By Bruce Davis
Tire Business staff
AKRONThe specter of elevated tariffs on consumer tires from China starting next year already is distorting the normal supply-and-demand relationship in the U.S. aftermarket as distributors have started stepping up their orders from China, Goodyear Chairman and CEO Rich Kra-mer told analysts Oct. 29 during a conference call.
As a result of what Mr. Kramer called an unprecedented wave of speculative buying, many distributors have purchased a considerable portion of their 2015 budget this year and now have stockpiles of low-end tires to sell.
He attributed at least some of this accelerated buying to the possibility of the tariffs being made retroactive to October of this year.
To get ahead of the impacts of the potential tariffs, he said, dealers and distributors increased their purchases of Chinese tires in multiples of their normal purchase volumes and made significant investments to build inventory.
As support for his contention, Mr. Kramer cited Rubber Manufacturers Association data showing that a 3-percent increase in industry tire shipments in the third quarter was driven by a 25-percent jump in imports from China.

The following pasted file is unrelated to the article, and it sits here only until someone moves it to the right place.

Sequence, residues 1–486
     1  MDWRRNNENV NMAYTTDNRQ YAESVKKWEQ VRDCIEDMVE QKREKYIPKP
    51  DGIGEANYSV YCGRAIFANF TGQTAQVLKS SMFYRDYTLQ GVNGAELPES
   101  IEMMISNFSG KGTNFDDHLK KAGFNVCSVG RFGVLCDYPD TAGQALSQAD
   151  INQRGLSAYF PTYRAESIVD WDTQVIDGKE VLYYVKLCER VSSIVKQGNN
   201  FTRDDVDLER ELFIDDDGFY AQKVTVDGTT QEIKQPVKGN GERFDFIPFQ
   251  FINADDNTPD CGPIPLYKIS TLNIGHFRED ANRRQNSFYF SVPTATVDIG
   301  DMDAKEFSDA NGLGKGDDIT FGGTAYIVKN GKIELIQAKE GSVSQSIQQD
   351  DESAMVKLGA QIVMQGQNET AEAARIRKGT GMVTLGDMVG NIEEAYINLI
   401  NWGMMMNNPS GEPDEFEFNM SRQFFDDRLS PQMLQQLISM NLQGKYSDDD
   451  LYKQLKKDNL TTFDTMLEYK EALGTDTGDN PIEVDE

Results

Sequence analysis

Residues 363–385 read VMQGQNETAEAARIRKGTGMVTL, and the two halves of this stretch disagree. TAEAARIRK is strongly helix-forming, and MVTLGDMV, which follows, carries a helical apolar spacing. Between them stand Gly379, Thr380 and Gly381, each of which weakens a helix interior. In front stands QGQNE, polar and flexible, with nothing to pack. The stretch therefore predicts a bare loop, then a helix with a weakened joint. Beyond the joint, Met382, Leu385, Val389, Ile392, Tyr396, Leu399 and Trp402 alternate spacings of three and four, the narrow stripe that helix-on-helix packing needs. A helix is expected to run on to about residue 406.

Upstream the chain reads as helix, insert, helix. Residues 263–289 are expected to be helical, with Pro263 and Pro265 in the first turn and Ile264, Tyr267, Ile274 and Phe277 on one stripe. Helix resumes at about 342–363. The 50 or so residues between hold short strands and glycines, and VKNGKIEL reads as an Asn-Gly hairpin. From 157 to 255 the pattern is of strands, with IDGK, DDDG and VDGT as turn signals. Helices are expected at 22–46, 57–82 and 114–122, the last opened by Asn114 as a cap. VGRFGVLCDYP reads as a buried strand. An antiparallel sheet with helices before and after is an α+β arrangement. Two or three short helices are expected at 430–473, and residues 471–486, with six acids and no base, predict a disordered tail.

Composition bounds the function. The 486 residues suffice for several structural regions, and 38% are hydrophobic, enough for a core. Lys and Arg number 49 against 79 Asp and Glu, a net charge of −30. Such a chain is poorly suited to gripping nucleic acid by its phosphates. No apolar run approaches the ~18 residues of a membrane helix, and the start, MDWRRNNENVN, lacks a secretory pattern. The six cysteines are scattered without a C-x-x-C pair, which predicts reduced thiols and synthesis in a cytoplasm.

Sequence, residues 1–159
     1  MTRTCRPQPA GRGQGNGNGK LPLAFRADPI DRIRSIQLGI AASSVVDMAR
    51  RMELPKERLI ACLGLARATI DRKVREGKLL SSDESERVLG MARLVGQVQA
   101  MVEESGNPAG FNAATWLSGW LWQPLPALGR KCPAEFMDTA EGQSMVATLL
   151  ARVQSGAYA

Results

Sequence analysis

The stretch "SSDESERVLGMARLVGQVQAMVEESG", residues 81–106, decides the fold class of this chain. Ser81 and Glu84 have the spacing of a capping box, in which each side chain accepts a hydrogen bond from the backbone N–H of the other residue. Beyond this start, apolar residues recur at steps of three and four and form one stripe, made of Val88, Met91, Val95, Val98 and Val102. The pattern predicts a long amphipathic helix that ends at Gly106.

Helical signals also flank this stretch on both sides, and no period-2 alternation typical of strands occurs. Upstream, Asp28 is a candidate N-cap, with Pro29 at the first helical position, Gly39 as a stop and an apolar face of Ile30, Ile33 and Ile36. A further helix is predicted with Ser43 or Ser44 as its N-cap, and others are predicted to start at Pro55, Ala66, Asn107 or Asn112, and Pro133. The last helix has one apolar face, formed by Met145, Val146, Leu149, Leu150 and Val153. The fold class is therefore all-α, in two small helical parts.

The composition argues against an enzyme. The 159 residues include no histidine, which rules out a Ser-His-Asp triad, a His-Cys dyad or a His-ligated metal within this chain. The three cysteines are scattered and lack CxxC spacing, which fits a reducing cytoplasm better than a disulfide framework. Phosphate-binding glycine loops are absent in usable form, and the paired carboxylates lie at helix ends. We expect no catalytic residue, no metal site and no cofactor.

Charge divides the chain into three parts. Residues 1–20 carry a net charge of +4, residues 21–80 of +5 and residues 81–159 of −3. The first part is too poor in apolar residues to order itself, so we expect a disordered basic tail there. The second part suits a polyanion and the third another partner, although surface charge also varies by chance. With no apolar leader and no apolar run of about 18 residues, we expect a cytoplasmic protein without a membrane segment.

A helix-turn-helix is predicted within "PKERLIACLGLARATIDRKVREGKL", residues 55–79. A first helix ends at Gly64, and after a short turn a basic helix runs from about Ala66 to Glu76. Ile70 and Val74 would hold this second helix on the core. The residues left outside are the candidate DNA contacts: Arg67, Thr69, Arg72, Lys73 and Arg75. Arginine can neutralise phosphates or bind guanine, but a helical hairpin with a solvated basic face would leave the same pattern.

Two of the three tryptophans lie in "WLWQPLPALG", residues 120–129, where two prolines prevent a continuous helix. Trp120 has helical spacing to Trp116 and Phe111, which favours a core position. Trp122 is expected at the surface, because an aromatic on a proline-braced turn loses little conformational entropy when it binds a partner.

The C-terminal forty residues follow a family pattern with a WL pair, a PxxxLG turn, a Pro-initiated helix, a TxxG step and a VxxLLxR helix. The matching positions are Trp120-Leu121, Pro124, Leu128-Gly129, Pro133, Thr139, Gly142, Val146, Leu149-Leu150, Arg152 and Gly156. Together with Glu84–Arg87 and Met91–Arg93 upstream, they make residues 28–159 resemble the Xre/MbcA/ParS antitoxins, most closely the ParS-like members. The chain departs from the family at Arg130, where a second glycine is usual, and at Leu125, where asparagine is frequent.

When adjusted for those imports, we estimate that the industry demand for other tires would have declined about 4 percent in the quarter, he said.
Mr. Kramer explained the anomaly in part to provide context for Good-year's 4-percent drop in North American shipments.
He said the pre-buy activity ahead of tariffs being considered nowwhich won't occur until mid-2015is more significant than that which occurred ahead of the elevated tarifs that were implemented in September 2009.
Mr. Kramer also pointed out that the reported industry shipments are sell-in datathat is, industry to industryand that sell-out shipments to consumers are growing at about 1 to 2 percent this year, with similar growth expected in 2015 as well.
Although Goodyear does not prioritize sales at the low end of the market, Mr. Kramer said, Chinese imports do affect the Akron-based tire maker's sales since the increased shipments occupied an abnormal amount of physical inventory space at the expense of some of Goodyear's own mid-tier-branded products and because these shipments reduce customers' liquidity.
Faced with these distorted market conditions, Goodyear didn't vary from its stated strategy, he said.
...(W)e didn't chase unprofit-able volume and we're not in the business of making tires to sit in customers' warehouses for extended periods, and we didn't sell next year's tires at discounted prices today.
By sticking with its strategy, he added, Goodyear was able to deliver record segment operating income of $210 million in the third quarter, the second straight quarter with an operating margin of more than 10 percent, and improved the price mix vs. raw materials over that reported in the second quarter.
Mr. Kramer declined to speculate how elevated tariffs might impact aftermarket pricing.